an blog | AJBlog Central | Contact me

Frisking Fisk: Parsing O’Keeffe’s Angry Letter, and What Should Happen Next

I’ve now had a chance to peruse Davidson County Chancellor Ellen Hobbs Lyle‘s Feb. 8 “Memorandum and Order” in the Fisk University Stieglitz Collection case, in which she barred any sales from the collection. It’s clear that the judge based her decision on the very principle—donor intent—that Alice Walton unconvincingly tried to appropriate in her campaign to purchase a half-share in the collection for her planned Crystal Bridges Museum.
The judge relied on various communications between Fisk and the donor, Georgia O’Keeffe (which I discussed here, in my Wall Street Journal article on Walton) to reach her conclusion that the artist had been opposed to any sales.
A document that particularly seemed to influence Chancellor Lyle was a 1951 letter from O’Keeffe to Charles Johnson, then Fisk’s president, which said the following:
Would you consider letting me withdraw the Collection? You do not seem to have anyone to take care of it or utilize it and you have written me nothing about air conditioning or controlling dust and humidity. I saw the amount of dirt that settles down on a tabletop in the rooms overnight, and with your humidity and changes of temperature it will soon be the ruination of the pictures. May I hear from you about this?…
If you find the Collection too much of a problem and wish to consider giving it up, let me know so that I can plan what to do with it next.

From this, Chancellor Lyle concluded that “O’Keeffe did not intend to give Fisk the right to dispose of the Stieglitz Collection,” but would have handled any disposition herself. This would appear to bolster the Georgia O’Keeffe Museum’s argument that as the successor-in-interest to O’Keeffe’s estate, it should gain control of the collection if Fisk were unable to care for it properly. That’s the issue to be considered at the upcoming trial, Feb. 19.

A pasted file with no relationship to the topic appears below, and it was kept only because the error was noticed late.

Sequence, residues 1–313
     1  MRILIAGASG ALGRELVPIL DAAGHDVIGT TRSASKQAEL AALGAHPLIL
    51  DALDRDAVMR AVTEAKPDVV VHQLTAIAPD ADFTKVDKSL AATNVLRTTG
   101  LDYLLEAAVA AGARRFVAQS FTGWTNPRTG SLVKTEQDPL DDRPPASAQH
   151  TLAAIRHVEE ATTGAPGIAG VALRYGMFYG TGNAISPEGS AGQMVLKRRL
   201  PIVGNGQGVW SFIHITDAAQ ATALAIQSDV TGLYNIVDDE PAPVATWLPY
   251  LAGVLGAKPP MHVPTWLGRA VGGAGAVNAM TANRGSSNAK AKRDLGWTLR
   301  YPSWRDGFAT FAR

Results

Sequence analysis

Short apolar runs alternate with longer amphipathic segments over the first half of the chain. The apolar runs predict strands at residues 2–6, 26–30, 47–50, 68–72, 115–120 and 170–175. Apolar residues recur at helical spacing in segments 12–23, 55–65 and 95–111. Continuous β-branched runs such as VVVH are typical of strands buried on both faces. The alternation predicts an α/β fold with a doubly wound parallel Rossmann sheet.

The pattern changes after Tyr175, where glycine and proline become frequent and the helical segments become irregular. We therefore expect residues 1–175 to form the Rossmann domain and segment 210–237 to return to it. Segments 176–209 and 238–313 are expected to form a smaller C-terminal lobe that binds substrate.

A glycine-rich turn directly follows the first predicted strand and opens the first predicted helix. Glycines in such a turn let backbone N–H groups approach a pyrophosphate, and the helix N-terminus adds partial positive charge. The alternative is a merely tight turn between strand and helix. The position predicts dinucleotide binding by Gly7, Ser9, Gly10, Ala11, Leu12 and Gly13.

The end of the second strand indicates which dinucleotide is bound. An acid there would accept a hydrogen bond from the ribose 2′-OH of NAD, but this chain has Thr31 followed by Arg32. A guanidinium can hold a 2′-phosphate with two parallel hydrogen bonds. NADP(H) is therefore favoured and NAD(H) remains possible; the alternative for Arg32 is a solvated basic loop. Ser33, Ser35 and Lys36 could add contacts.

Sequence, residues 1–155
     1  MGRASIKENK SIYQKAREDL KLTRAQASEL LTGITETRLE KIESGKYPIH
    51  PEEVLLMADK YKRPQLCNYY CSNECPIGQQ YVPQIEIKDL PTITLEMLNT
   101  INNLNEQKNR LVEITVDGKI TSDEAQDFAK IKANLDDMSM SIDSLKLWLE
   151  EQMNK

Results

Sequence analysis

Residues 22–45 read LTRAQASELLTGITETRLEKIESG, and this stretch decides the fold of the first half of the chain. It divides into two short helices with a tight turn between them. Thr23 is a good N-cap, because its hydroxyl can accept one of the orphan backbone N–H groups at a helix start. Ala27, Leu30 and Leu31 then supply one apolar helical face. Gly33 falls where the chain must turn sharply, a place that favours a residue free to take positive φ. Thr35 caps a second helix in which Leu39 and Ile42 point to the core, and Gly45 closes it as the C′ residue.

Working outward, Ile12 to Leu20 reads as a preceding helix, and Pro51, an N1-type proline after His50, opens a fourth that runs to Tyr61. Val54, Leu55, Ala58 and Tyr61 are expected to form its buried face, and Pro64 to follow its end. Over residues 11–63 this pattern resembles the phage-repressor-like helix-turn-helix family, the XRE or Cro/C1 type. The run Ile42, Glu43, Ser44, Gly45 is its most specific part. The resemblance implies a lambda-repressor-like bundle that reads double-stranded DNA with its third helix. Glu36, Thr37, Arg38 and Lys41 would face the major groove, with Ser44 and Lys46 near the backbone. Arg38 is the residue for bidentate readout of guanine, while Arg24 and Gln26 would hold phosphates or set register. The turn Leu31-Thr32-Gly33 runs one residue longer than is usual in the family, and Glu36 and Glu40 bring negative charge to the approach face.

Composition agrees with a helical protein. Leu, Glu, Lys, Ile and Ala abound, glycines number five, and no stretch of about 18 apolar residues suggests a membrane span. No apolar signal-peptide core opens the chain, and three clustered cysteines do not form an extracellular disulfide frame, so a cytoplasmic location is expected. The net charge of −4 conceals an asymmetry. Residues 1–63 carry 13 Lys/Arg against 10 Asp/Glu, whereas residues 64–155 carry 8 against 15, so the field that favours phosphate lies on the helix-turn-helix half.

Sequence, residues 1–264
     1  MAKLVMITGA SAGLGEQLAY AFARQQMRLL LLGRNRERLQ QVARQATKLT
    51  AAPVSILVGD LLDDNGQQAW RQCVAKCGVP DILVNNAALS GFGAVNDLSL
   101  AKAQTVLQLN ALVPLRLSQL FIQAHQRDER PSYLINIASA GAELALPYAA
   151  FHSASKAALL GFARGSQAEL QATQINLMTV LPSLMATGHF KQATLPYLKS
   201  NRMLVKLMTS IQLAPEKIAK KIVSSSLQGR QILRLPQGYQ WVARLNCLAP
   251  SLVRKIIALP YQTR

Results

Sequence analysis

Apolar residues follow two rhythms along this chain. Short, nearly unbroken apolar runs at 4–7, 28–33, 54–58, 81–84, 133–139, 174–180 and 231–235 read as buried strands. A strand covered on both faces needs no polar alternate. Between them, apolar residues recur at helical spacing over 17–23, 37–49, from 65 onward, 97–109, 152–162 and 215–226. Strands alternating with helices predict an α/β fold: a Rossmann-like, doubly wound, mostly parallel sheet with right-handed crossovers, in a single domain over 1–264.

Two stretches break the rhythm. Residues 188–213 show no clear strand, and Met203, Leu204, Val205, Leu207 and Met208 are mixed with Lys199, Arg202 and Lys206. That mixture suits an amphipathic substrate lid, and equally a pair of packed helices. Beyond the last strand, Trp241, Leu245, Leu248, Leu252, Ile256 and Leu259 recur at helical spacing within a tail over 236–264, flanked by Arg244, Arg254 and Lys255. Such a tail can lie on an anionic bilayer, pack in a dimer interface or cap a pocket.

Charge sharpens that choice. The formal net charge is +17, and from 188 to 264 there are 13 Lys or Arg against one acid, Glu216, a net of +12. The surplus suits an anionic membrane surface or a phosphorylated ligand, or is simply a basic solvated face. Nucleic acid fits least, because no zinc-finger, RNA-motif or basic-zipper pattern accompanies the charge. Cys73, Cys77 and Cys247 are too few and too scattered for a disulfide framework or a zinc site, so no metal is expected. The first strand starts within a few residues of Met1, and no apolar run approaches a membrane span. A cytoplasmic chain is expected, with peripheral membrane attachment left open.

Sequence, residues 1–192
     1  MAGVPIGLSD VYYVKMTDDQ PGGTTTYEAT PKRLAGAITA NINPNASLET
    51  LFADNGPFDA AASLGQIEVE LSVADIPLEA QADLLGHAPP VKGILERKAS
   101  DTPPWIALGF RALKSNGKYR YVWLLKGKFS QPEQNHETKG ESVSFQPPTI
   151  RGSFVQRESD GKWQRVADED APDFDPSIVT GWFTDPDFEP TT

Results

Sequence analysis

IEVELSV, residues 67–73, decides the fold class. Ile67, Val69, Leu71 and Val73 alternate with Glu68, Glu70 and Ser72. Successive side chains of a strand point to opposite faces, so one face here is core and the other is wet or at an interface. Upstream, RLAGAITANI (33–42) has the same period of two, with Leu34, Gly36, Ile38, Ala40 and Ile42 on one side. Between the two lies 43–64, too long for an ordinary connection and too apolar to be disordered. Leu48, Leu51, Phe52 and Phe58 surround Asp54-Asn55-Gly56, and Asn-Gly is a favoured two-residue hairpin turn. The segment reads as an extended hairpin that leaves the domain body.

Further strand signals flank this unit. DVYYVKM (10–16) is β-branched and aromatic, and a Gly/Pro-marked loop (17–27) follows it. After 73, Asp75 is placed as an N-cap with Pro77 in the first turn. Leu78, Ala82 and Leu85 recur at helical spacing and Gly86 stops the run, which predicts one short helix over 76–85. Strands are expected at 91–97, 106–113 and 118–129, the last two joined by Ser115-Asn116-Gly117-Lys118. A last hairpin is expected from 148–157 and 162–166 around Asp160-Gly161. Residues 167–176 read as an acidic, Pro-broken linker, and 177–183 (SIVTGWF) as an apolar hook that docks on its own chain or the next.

My suggestion to Fisk, if it doesn’t want to the collection to be removed from Nashville to Santa Fe, is that it abandon any thought of mounting a futile appeal of Friday’s ruling against sales and focus instead on demonstrating its ability to properly care for and display the collection.
If that means partnering with another local institution, so be it. But I suggest a good choice for this might be the Frist Center for the Visual Arts, rather than the proposed new institution—the Museum of African American Music, Art and Culture—that recently made an amorphous bid for partnership.
As for the monetization of the collection to help keep the financially shaky university afloat, the judge was unequivocally opposed:
[O’Keeffe] wanted the Collection to reside and be displayed at Fisk to make a social statement [about African-American identity]. She had no personal connection to Fisk from which one could conclude that she had an intent to have the Collection used to keep Fisk in operation. Joint ownership with Crystal Bridges ‘unlawfully dilutes’ these predominate intentions that motivated the gift to Fisk.

an ArtsJournal blog